Priests in the Shang period (1600 – 1046 B.C.) practiced an unusual form of divination that involved placing heated rods in grooves carved into specially-prepared ox scapulae (shoulder bones) and turtle plastrons (the undesides of turtle shells). The ensuing cracks were read by fortunetellers for "auspicious" and "inauspicious signs" and messages from natural spirits and ancestors. The predictions, often made by the king rather than the diviner, and answers were engraved on the bones. Over 100,000 "oracle bones" have been found, mostly in storage pits in Xiaotun in Henan.
Oracle bones appear to have held a high place in Shang culture and this would lead one to conclude that superstition held a very high place in the lives of the ancient Chinese. Animism (the worship of natural spirits), fertility rites, cults and ancestor worship were also present in the Shang dynasty. Some of these practices still have enthusiastic followings in China today. Scientists and scholars have devoted a lot of time to the study of Taoism and Confucianism, but Chinese superstition and everyday spiritual life remain little studied.
Dr. Robert Eno of Indiana University wrote: “A full description of Shang religion would include many facets.We would need to explore in detail the way in which the ancestral spirits were conceived, we would need to survey all non-ancestral deities and observe their powers, as reflected in divination, we would have to examine the complex system of ritual and sacrifice that paralleled Shang religious beliefs, we would need to discuss the symbolic significance of the sacrificial bronzes that constitute the outstanding emblem of Shang society, and we would need to examine indirect evidence for other forms of religious practice. " Oracle bone inscriptions that deal with non-ancestral deities can "seen as the reflection of a tripartite pantheon of spirits and gods. [Source: Robert Eno, Indiana University indiana.edu /+/ ]
Shang Dynasty Deities
Patricia Buckley Ebrey of the University of Washington wrote: From the oracle bones, “we learn of the divinities they recognized, from the high god Di to nature gods and ancestors, as well as the issues that concerned them, such as harvests, childbirth, and military campaigns. The king did not address Di directly, but called on his ancestors to act as an intermediary for him. Sacrifices to Di or the ancestors could include human sacrifices of war captives and others. [Source: Patricia Buckley Ebrey, University of Washington, depts.washington.edu/chinaciv /=]
Wolfram Eberhard wrote in “A History of China” in the 1950s: “The Shang period had a religion with many nature deities, especially deities of fertility. There was no systematized pantheon, different deities being revered in each locality, often under the most varied names. These various deities were, however, similar in character, and later it occurred often that many of them were combined by the priests into a single god. The composite deities thus formed were officially worshipped. Their primeval forms lived on, however, especially in the villages, many centuries longer than the Shang dynasty. The sacrifices associated with them became popular festivals, and so these gods or their successors were saved from oblivion; some of them have lived on in popular religion to the present day. [Source: “A History of China” by Wolfram Eberhard, 1951, University of California, Berkeley]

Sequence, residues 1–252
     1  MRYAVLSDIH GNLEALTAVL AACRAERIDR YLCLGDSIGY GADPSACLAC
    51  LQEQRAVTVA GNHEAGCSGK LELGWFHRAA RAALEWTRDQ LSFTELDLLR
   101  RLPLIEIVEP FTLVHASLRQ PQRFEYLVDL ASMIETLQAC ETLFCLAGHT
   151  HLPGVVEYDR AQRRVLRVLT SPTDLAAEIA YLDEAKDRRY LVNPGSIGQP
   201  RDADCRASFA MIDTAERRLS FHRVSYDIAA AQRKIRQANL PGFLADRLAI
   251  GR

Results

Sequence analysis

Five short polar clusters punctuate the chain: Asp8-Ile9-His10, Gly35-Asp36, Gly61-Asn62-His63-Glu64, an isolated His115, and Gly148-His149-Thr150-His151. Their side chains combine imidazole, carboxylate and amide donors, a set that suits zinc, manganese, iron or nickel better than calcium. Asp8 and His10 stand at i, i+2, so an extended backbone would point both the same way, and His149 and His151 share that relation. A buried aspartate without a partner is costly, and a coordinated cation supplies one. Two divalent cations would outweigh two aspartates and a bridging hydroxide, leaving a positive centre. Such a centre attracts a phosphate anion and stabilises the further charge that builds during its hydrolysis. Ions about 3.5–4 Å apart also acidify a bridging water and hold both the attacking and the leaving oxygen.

The supreme god of the official worship was called Di; he was a god of vegetation who guided all growth and birth and was later conceived as a forefather of the races of mankind. The earth was represented as a mother goddess, who bore the plants and animals procreated by Di. In some parts of the Shang realm the two were conceived as a married couple who later were parted by one of their children. The husband went to heaven, and the rain is the male seed that creates life on earth. In other regions it was supposed that in the beginning of the world there was a world-egg, out of which a primeval god came, whose body was represented by the earth: his hair formed the plants, and his limbs the mountains and valleys. Every considerable mountain was also itself a god and, similarly, the river god, the thunder god, cloud, lightning, and wind gods, and many others were worshipped.
Oracle Bone Divinations
Shang priests practiced an unusual form of divination that involved placing heated rods in grooves carved into specially-prepared ox scapulae (shoulder bones) and turtle plastrons (the undesides of turtle shells). The ensuing cracks were read by fortunetellers for "auspicious" and "inauspicious" signs and messages from natural spirits and ancestors. The predictions, often made by the king rather than the diviner, and answers were engraved on the bones. Over 100,000 "oracle bones" have been found, mostly in storage pits in Xiaotun in Henan.